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New Trial Begins for Michael Dunn in Shooting Death of Jordan Davis

Florida prosecutors began their second attempt Monday at convicting Michael Dunn for the murder of 17-year-old Jordan Davis in November 2012 after Dunn’s previous jury could not deliver a verdict on a murder charge in February.

After more than 30 hours of deliberation, the first jury found Dunn guilty of three counts of attempted murder for firing into the car where Davis was sitting with three of his friends at a Jacksonville, Florida, gas station. But they could not agree on the murder charge — essentially finding the 47-year-old white man guilty of attempting to kill the teens, but not guilty of succeeding in killing Davis.

The jury verdict became a part of the evidence cited by African-Americans — in addition to the acquittal of George Zimmerman for killing 17-year-old Trayvon Martin — that it is extremely difficult for African-Americans to find justice in America through the court system.

State attorney Angela Corey is once again leading the prosecution team, as she did in February. The trial began Monday morning with jury selection in Jacksonville.

“We have a problem in America with who gets the benefit of the doubt,” John Phillips, a Jacksonville lawyer who represents Ron Davis and Lucia McBath, Davis’ parents, said to The Guardian. “If Michael Dunn, a middle-aged, white software designer, walks in front of your car, you think nothing of it, but if it’s a black teenager like Jordan Davis he is all too often falsely perceived as more of a threat. We hope the jury sees and hears more about the overall picture of Michael Dunn and Jordan Davis. Jordan was a good kid. He did nothing to warrant his death that night.”

Dunn could face up to 60 years in prison for the attempted murder convictions. He will be sentenced for those February convictions at the end of this current trial, which could last several weeks. He also faces an additional 15 years for firing 10 times into the SUV that contained the teens. Three of the shots struck Davis.

During the trial, Dunn claimed he had “respectfully” asked the teenagers to turn down the music in their red Dodge Durango. He and his girlfriend Rhonda Rouer had pulled in next to them at the gas station, stopping for wine and snacks on his way to a hotel after his son’s wedding. He claimed his request was met with aggression and that he opened fire only after he saw Davis pointing what looked to be a shotgun at him. But there was no gun found.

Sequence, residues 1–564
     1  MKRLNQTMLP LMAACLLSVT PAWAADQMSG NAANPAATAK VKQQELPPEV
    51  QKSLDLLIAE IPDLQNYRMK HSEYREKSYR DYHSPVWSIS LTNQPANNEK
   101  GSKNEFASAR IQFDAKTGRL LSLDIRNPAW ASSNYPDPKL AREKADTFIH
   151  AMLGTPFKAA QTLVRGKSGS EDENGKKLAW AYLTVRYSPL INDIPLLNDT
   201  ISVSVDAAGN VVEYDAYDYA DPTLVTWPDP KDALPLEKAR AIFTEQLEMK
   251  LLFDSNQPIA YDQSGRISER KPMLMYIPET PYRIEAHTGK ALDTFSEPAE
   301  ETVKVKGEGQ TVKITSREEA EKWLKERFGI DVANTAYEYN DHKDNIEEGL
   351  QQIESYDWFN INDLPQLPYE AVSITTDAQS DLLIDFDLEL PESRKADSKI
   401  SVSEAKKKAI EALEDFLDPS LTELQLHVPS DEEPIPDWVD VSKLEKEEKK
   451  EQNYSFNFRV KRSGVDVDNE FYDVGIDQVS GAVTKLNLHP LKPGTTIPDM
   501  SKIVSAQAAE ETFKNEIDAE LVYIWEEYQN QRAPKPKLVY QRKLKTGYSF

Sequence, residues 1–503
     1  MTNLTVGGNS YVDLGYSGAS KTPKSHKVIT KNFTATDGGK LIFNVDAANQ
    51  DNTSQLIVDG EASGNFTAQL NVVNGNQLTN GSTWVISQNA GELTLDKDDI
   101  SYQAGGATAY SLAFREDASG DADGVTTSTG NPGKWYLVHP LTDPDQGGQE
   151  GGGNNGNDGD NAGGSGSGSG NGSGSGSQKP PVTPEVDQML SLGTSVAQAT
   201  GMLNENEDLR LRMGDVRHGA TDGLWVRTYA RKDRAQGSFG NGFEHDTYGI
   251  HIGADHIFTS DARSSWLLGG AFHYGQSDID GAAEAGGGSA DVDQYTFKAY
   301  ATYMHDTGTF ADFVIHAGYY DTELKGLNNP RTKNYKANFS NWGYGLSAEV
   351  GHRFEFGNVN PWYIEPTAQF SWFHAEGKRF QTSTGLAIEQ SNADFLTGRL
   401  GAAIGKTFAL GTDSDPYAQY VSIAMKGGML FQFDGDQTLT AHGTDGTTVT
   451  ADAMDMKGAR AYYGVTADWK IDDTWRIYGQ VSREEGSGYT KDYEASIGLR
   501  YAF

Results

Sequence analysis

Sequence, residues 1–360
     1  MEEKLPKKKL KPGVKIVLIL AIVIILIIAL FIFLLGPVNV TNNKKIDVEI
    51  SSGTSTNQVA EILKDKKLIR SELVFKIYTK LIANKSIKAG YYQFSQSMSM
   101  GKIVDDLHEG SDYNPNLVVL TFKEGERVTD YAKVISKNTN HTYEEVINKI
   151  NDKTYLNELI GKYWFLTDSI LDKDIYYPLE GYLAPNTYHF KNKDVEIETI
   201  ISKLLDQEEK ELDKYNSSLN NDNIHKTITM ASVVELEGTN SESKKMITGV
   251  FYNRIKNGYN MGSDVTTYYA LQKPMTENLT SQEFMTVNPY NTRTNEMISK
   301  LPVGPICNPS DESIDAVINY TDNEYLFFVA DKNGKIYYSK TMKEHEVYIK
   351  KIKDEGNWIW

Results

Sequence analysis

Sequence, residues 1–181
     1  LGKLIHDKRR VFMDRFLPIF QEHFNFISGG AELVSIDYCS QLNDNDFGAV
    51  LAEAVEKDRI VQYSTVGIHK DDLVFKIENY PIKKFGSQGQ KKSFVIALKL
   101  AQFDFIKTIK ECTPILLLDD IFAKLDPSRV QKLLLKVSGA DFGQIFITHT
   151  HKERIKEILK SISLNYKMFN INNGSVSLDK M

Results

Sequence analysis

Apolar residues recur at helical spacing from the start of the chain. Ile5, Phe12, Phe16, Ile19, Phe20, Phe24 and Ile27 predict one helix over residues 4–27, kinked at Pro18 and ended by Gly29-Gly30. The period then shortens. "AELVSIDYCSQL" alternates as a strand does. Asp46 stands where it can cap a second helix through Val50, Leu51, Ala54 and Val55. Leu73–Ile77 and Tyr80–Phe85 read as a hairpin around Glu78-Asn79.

The first Florida jury didn’t completely buy Dunn’s story — even with the state’s Stand Your Ground law hovering in the background — that his fears of impending danger warranted opening fire on a car full of children after he got into an argument with the teens about their loud music. The deliberations stretched over four days.

After the first verdict, Davis’ parents left the courtroom in tears and Dunn turned to his lawyer, Cory Strolla, and asked, “How is this happening?” as if he had never considered the possibility of conviction.

“Obviously, my client is devastated at the outcome. Never saw it coming one bit,” Strolla said, confirming as much. “So it’s hard. It’s hard for the family. I know his family’s devastated.”

After the verdict, a white female juror told ABC’s Nightline that she wanted Dunn to be convicted of first-degree murder — as did nine of the 12 jurors who participated in the deliberations.

Juror No. 4, identified as “Valerie,” said the jury initially started out at 10-2 in favor of first-degree murder, but one of the 10 started wavering over the course of the 30 hours of deliberations and eventually changed his vote, making it 9-3 in favor of conviction.

She said each of the 12 jurors believed Dunn crossed a line when he continued to fire at the SUV as it fled the scene because any threat he might have felt was over.

“We all believed that there was another way out, another option,” she said.

Asked if Dunn got away with murder, she said, “At this point, I do.”

Valerie said Dunn’s decision-making was all wrong.

“Roll your window up, ignore the taunting, put your car in reverse … move a parking spot over,” she said. “That’s my feeling.”

The trial judge, Russell Healey, denied a motion from Dunn’s new lawyer, Waffa Hanania, to move the trial away from Jacksonville. The lawyer thought it would be impossible to seat an impartial jury, but the judge said he would reconsider if jury selection proved impossible.

“The way they say it, they’re still parenting, trying to prevent this happening to any other family,” the Davis family lawyer Phillips said. “It’s a tough day for them today. They know Dunn will probably be in jail for the rest of his life, but this trial is not about the attempted murders, it’s about justice for Jordan Davis.”

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